If the truth is to be told, few of us aspire to a “factory” job. Although many factories are quite modern, images of old, drab, often windowless factory floors, clanky machinery and endless repetition are not the stuff of which dreams or exciting careers are made.
Ahh, but earning a factory ride in the IMSA WeatherTech SportsCar Championship GT Le Mans class is a top career goal for many drivers.
Bring Talent, Not Money
Why? Because in a world where many racing series require that drivers bring money to a team, a solid factory ride actually pays a driver both literally and with opportunities for on track and career success.
And with 14 manufacturers currently entered in the WeatherTech Championship, there are factory linked drivers in the Prototype, GTLM and on the Pro side of the GT Daytona class grid.
The Best of the Best
In addition to a professional’s pay package, the GTLM factory teams typically have the latest equipment, top engineers and crews, extensive testing and simulation resources and consistent funding which can provide at least some semblance of security in the fast-changing paddock.
That level of competition is intense but rewarding.
Simply put, factories can afford to identify, retain, and develop the best talent. And best of all, drivers typically don’t have to bring sponsorship money and can avoid the annual scramble to find a competitive ride.
More than Steering a Car
While the factories regularly monitor developing talent and support series, young talents who may expect offers based solely on their pace will be quickly disappointed.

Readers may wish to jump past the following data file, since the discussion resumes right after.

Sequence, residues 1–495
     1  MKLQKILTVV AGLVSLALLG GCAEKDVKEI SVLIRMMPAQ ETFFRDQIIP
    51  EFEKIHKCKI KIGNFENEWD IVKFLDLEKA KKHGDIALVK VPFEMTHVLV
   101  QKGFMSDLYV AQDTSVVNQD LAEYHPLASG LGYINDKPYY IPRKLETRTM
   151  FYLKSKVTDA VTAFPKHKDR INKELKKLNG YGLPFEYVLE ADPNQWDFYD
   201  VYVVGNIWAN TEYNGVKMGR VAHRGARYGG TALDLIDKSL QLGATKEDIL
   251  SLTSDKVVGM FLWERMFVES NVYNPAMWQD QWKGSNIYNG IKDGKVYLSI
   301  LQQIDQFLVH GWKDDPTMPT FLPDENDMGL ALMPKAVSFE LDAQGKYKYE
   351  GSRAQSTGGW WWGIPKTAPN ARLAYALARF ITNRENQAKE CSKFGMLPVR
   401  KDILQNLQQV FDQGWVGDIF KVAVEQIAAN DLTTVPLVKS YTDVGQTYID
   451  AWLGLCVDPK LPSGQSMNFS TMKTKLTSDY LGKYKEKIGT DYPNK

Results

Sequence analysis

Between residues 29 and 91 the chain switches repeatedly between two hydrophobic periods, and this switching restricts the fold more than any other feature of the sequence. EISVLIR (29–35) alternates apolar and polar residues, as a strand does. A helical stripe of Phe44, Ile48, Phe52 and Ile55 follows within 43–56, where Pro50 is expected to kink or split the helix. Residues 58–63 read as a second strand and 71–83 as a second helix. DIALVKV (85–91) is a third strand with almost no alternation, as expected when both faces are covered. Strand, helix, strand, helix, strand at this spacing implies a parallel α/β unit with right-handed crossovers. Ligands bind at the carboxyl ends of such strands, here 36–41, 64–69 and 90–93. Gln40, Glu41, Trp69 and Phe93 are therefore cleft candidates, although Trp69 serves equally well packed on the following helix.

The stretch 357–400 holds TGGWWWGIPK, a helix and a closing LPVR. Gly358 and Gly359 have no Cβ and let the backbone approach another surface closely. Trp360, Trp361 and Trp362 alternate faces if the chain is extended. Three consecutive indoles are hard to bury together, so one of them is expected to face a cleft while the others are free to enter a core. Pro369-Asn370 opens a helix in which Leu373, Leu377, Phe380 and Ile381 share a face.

“It’s a big world and in sports cars, a top factory ride is the top of the pyramid,” said Chris Baker, director of motorsport, Michelin North America.
“The best factory teams throw a wide net and they can choose the best technical partners, managers, engineers, crews and drivers.”
In addition to their speed, factory drivers must be strong team players able to communicate, collaborate and strengthen a team while meeting the off-track marketing, promotional and media responsibilities which manufacturers demand.
One young driver arrived at the track for his first factory test accompanied by his girlfriend, manager and PR representative.
Unbeknownst to him, he was virtually eliminated from serious consideration the moment that they all emerged from his rental car.
“You don’t show up for a job interview with your entourage,” a veteran team manager later commented.
“You spend time with the team, the other drivers, engineers, and the crew, everyone on the team. He was reasonably good in the car, but it was obvious that he wasn’t going to fit.”
Lots of Seats, Few Vacancies
The GTLM class alone provides full season rides to 18 factory-linked drivers with an additional number for the NAEC events, WEC and Le Mans or other assignments.
Porsche has a powerful roster of 19 official factory drivers this year. That includes six drivers for its WEC LMP1 program and 14 drivers in GT programs.
Patrick Pilet, Dirk Werner, Gianmaria Bruni and Laurens Vanthoor lead Porsche’sWeatherTech Championship GTLM roster while Joerg Bergmeister and Patrick Long are placed with GTD teams.
Ford Chip Ganassi Racing has eight full-season drivers with Joey Hand, Dirk Mueller, Ryan Briscoe and Richard Westbrook on board its GTLM entries and an additional four drivers in the WEC programs.
Stars like Scott Dixon and Sebastien Bourdais join the Ford IMSA squad for the long events with an additional pair joining the WEC side.